One potential problem with basing teacher compensation in part on test scores is that it gives teachers an incentive not just to "teach to the test," but to game the test completely. Because of strict accountability measures imposed in Texas in the 1990s by then-Gov. George W. Bush and Rod Paige, the Houston school superintendent, test scores rose sharply. A few years later, after the governor had become the president and the superintendent had become the federal secretary of education, the Dallas Morning News , in a series of investigative articles , revealed that at least part of those test-score gains were due to widespread cheating by teachers and administrators.
I don't want to overstate the prevalence or the impact of cheating on standardized tests—I think accountability measures are crucial, and I believe a well-run school system can find ways to all but eliminate cheating. But still, I thought I should share this story, which a reader of this blog, a young teacher in the New York City public schools, e-mailed to me recently:
I'm writing in response to your column on paying teachers more money for raising their students' test scores from the year before. When I first heard this proposal, a couple of years ago, I was excited. That should be a decent measure of a teacher's efficacy, I thought.
Until I got my class last year. As sixth graders, they were all new to my school and came from different elementary schools. And when it came to the test, every single one of them, without fail, had the same story.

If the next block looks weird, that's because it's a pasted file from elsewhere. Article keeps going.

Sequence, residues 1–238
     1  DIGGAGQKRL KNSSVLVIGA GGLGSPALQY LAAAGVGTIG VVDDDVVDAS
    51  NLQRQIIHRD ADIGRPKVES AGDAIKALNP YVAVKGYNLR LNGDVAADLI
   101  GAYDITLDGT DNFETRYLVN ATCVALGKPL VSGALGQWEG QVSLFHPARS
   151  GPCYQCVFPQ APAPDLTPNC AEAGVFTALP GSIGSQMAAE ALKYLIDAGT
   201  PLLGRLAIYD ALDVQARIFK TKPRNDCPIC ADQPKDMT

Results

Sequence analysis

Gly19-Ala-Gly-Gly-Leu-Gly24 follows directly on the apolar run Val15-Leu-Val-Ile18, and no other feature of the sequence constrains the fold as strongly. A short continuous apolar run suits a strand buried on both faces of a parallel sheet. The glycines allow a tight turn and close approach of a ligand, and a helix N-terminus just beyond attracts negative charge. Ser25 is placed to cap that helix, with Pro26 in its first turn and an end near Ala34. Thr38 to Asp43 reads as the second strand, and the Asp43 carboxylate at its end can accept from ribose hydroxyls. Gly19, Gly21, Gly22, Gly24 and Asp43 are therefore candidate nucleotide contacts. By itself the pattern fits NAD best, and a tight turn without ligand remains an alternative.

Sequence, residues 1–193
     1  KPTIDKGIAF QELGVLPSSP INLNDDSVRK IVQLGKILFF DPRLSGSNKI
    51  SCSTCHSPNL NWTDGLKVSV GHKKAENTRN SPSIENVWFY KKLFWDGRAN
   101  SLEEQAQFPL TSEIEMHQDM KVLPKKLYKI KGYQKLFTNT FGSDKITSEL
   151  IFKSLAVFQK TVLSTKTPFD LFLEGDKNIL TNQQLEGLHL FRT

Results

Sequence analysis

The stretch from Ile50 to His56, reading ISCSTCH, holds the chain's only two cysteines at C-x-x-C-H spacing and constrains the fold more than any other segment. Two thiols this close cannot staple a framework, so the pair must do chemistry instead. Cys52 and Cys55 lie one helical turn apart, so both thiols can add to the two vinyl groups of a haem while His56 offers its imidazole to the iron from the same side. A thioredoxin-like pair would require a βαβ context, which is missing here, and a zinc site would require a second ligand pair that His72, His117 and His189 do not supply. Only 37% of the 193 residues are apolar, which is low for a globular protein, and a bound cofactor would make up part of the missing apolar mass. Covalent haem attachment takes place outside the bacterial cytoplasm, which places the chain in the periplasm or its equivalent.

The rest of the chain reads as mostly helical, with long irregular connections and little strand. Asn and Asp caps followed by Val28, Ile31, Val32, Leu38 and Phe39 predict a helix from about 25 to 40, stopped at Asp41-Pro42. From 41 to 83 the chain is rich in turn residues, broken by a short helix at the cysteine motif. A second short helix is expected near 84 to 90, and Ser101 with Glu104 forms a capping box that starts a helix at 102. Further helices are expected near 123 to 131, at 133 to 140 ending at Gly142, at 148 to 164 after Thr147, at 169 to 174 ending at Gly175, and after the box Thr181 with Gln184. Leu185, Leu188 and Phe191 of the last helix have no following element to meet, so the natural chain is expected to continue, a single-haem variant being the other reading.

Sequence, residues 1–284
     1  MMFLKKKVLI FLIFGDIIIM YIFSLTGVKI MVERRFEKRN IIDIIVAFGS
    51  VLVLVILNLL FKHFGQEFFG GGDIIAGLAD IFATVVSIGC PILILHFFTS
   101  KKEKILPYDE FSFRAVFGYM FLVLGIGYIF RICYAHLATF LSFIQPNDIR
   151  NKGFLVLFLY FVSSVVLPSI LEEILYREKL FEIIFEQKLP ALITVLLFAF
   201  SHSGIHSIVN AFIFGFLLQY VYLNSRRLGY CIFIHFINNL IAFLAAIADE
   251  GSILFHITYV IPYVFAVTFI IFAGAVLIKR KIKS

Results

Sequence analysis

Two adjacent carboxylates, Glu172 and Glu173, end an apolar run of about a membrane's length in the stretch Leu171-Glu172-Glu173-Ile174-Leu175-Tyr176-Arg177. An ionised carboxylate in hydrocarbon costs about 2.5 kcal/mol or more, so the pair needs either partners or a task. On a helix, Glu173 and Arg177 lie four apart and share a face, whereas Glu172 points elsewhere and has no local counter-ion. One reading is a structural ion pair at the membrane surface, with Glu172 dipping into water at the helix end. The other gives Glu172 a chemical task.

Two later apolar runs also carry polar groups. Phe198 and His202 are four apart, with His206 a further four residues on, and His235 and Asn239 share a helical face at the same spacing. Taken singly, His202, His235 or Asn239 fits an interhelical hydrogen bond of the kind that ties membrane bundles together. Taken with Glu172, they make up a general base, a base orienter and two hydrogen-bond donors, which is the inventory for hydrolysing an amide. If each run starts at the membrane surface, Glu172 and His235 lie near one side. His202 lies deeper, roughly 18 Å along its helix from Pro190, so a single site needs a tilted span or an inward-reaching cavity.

During our first standardized test of the year, many hands went in the air. I shook my head at them, because according to the rules, I'm not allowed to talk to them during a test. They were outraged. "Why can't you help us?" they asked.
We had a class discussion after the exam was over. Every single one of them had received help on state standardized tests in their old school. For some of them, the teacher would explain the questions when they didn't understand something. Several students had teachers give them the correct answer. One of my students saw a teacher sit down with another student's test, erase all of his answers, and write all new ones in.
If there are bonuses tied to test scores, even more cheating will take place. What can school districts do to ensure this doesn't happen?
It's a good question, without a simple answer. I do think school systems have the tools to stop cheating. But it's hard to do without first acknowledging that it's a problem. And superintendents (and mayors) have the same accountability pressures that principals and teachers and students do. Whatever level of the bureaucracy you inhabit, when your success depends on rising scores, it's hard to take steps that will serve only to lower those scores—whether that means blowing the whistle on a fellow teacher or launching an investigation of the whole system.
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